Four-time Tony Award nominee (one for every acting category) Raúl Esparza (Company) hasn’t been on Broadway since Leap of Faith in 2012—but he’s kept busy in the interim, starring on Law & Order: SVU since 2012.
But now Esparza has left SVU and is currently in Washington, D.C., starring in a new, semi-staged adaptation of cult favorite Chess at the Kennedy Center, which began performances February 14. Written by Tim Rice and Benny Andersson and Björn Ulvaeus (the “BB” of ABBA), Chess is about—of all unlikely subjects—the game of chess and the Cold War. Even if you aren’t familiar with the show, you still probably know a few of its songs,be it “I Know Him So Well,” “Anthem,” or “One Night in Bangkok.”
Esparza takes on the role of American world chess champion Freddy Trumpet, battling it out with his second, Florence (Tony winner Karen Olivo), while his Russian opponent Anatoly Sergievsky (Ramin Karimloo) and Anatoly’s wife Svetlana (Ruthie Ann Miles) fall into a love triangle with Florence while Freddy barely notices. Danny Strong has freshly adapted the book and Michael Mayer directs. With performances scheduled through February 18, we checked in with Esparza about his return to the musical stage in a show that he has known since high school and that he first saw in its original production in London.
On becoming involved with the latest Chess revision.
“This came up last summer. We’ve done a couple of readings and I was asked to come in and take a look at it. At the first reading we worked on it for a while and it was pretty thrilling, and we did it again and Tim Rice came, and now we’re here. We have no expectations about [its future], we just started working on it.”
On working with Danny Strong.
“We all made suggestions, it’s been a very collaborative process. This cast is very smart. And even now when we put this concert together, we spent the last two weeks of rehearsal in New York with everybody in a group talking about what we sort of need and what’s unclear. But Danny’s essentially writing a book, and writing a book for a musical is one of the hardest things in this business. His enthusiasm has been really thrilling, and he’s been really open to making changes about where songs should go, what suits this particular actor, where this song should go, what helps for clarity. And we’ve all been able to contribute here and there. You’re working within a framework of a show that already exists in many versions. It’s such a great score that it can lend itself to a lot of movement, and I think people want very much for it to have a life that is rich and strong. It has a devoted following in terms of the score. But it’s a dangerous prospect, going around thinking you can fix musicals. You have to be very conscious of the time you’re in and how the world changes and I think musicals are of their time.”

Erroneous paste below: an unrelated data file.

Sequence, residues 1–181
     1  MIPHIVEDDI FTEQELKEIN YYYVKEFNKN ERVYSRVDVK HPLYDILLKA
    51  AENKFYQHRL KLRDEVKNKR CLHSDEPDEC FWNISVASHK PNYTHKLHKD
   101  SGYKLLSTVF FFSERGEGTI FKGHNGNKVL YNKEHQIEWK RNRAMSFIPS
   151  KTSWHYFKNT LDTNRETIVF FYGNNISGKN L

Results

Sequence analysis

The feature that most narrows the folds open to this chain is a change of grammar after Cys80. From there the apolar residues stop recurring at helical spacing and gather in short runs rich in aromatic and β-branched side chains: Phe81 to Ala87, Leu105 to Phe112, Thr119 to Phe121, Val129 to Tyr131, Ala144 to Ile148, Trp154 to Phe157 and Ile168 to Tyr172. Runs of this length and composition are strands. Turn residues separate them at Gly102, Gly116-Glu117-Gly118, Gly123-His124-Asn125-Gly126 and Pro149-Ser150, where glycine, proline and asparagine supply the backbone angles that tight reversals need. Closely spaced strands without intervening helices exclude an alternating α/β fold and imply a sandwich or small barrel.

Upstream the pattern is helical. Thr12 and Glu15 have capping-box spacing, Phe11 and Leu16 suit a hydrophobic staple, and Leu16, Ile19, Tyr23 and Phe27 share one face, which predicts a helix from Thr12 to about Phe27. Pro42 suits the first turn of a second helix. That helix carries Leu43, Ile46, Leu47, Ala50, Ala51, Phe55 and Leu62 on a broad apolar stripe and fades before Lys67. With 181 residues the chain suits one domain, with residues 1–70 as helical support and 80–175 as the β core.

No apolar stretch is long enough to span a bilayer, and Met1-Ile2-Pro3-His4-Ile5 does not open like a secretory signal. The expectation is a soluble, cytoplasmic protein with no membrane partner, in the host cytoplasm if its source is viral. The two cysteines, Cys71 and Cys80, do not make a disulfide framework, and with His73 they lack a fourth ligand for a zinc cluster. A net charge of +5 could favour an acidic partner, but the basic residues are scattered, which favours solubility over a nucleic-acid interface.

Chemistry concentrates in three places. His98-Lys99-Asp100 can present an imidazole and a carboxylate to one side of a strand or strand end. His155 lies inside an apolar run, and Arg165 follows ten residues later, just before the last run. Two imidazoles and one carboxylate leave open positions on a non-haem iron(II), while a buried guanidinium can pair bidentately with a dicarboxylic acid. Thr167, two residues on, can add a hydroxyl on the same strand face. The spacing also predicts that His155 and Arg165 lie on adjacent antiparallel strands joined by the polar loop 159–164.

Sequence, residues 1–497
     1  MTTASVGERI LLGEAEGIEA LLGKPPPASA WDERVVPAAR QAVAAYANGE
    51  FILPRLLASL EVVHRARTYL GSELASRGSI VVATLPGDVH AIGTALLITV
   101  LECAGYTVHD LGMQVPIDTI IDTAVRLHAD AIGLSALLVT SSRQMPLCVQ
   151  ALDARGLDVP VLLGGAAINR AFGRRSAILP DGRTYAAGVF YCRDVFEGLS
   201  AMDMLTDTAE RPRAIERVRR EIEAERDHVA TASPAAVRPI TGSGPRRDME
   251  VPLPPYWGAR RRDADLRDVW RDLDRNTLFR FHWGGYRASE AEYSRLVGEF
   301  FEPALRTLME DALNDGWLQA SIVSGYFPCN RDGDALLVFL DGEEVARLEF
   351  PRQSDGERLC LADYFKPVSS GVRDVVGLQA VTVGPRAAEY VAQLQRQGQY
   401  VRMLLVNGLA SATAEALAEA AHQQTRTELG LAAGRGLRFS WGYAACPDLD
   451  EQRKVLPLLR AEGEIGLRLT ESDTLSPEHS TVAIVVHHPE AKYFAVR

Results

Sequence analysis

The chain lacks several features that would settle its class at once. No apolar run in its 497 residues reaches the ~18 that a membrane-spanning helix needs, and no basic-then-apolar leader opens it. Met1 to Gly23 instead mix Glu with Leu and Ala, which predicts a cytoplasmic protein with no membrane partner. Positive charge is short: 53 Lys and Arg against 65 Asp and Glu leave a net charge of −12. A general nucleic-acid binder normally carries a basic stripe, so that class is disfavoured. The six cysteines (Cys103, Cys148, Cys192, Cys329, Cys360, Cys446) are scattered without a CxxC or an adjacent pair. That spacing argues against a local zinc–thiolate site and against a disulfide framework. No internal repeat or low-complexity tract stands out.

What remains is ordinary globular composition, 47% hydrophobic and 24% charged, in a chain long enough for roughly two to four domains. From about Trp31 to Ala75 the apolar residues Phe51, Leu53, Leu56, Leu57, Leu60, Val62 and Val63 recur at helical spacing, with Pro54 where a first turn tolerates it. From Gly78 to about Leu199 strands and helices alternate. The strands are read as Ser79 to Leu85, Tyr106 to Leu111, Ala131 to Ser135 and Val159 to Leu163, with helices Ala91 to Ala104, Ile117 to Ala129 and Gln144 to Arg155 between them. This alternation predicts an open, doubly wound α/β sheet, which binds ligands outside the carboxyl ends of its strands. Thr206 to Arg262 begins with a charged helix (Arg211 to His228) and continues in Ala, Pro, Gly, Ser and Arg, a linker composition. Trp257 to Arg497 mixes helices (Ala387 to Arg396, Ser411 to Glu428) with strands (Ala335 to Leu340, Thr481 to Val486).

On how a musical about the Cold War plays in Washington, D.C., in 2018.
“We are finding this one is resonating very, very powerfully here right now. Danny’s done a great thing. He’s really placed it in the Cold War politics, and he’s created a real Cold War history musical. That sounds dry, but it’s not! So the chess and the politics are mashed up together into this arms race that dominated the 1980s, but it’s kind of vibrating on another level relating to our political life right now. And that’s great, and you just let it play.”
On audience reaction to a cult favorite coming to life again.
“It’s been electric. It’s been extraordinary. We’re having a ball—it's like a rock concert and it’s such a first-rate cast. I’ve never worked with Ramin before, but he’s a massive talent. And Karen and I have never worked [together] onstage before. But what’s blown me away is what the ensemble has accomplished in two weeks. You do these staged concerts and they slowly morph into almost-productions, and there is some choreography that is just breathtaking. Having been away from musicals for six years, it’s been, in a corny way, very moving to watch so much excellence every day from this company of dancers and actors. Really moving to me to see people work right to the edge of their limits. We do a lot of great things on camera, but that sense of human achievement, pushing yourself towards excellence, only comes from what live performance requires. And this is a lot of fun to do. At the sitzprobe, everyone was head banging. There was a lot of crazy joy at the sitzprobe.”
On his favorite song to sing in Chess.
“It’d have to be ‘Pity the Child,’ for me. It’s really turned out to be a real, amazing monologue with real depth and emotion and pain to it. And it surprised the hell out of me. There’s one side of the score that’s about the fun of singing it, but the other side is living inside of it and there’s all this ache. And then I get to hear those guys do the beautiful lush, romantic ballads. Hearing Ruthie and Karen sing ‘I Know Him So Well’ is a highlight for me every night.”